How web browsers use processes and threads

Ravindu Senal Fernando
2 min readJul 17, 2020


I will use Firefox and Chrome web browsers, two of the most popular web browsers in today’s world to explain about how web browsers use processes and threads

Basically recent versions of Firefox and Chrome uses multi-process architecture but Firefox does some things different compared to Chrome which makes it much more memory efficient and fast.

By default, Chrome creates a separate content process for each instance of a site that you visit. For example if you open 10 different tabs in Chrome, and you will have 10 different processes. Each of those processes has its own memory therefore one open tab will consume hundreds of megabytes of RAM. Chrome’s approach in creating new tabs can lead to very high memory usage.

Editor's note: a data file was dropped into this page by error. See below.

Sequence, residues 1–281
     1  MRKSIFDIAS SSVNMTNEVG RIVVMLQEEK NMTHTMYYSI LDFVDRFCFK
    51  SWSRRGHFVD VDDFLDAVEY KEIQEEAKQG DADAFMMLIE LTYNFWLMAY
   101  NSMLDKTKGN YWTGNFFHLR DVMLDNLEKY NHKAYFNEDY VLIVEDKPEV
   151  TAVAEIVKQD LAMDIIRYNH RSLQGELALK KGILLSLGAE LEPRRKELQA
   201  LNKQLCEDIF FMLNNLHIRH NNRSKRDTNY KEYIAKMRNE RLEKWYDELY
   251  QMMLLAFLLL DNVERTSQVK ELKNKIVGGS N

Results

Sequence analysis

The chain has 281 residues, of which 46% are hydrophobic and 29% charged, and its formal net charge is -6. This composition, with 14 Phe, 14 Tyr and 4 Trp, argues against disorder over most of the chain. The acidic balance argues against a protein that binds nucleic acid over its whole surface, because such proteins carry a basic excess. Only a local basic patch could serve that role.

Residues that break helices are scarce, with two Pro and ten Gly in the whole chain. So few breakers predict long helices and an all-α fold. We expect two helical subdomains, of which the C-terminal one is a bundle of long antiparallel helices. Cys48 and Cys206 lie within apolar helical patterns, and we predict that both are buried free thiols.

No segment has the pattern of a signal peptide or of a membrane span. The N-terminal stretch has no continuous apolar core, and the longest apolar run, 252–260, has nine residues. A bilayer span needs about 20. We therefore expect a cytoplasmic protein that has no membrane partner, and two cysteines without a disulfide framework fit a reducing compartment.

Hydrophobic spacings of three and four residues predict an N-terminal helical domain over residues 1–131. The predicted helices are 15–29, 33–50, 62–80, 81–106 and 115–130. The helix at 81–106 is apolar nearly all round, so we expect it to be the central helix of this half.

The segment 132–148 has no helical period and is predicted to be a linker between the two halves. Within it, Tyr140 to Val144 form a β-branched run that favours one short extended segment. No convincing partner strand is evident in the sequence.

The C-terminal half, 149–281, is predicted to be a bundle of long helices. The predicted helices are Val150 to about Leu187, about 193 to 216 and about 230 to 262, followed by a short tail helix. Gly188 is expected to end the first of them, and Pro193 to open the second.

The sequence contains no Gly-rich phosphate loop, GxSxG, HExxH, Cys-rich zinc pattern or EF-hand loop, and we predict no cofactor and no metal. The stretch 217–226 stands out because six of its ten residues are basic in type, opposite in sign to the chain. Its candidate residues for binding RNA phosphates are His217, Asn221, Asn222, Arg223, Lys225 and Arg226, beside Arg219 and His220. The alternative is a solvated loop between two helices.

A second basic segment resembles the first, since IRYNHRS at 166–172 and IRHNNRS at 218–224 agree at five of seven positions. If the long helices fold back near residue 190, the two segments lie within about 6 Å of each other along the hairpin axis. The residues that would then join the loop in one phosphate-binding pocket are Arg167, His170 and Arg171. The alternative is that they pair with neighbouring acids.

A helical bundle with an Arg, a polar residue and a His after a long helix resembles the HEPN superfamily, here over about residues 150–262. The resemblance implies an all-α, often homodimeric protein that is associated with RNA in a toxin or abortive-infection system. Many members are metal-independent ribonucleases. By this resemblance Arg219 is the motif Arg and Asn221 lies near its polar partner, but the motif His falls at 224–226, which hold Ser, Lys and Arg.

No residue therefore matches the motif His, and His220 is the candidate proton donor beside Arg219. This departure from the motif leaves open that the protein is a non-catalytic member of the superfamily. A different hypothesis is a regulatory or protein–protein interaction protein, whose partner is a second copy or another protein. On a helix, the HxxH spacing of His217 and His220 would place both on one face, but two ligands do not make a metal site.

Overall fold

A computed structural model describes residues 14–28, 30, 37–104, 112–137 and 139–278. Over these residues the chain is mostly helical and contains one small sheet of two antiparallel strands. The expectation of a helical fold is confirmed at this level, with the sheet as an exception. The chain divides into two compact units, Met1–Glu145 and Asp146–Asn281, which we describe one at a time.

Recent versions of Firefox creates up to 4 separate processes for web page content by default. So, your first 4 tabs each uses 4 processes, and additional tabs run using threads within those processes. Multiple tabs within a process share the browser engine that already exists in memory, instead of each creating their own. Which causes Firefox using less memory.

Chrome uses a separate content process and engine for each website instance,
but Firefox reuses processes and engines to limit memory usage.

If you have more RAM (more than 8GB) you can increase the number of content processes Firefox uses, which will make Firefox more fast but the memory usage will be increased. To change the number of content processes Firefox uses, enter about:config in your address bar, and adjust the number for the dom.ipc.processCount setting.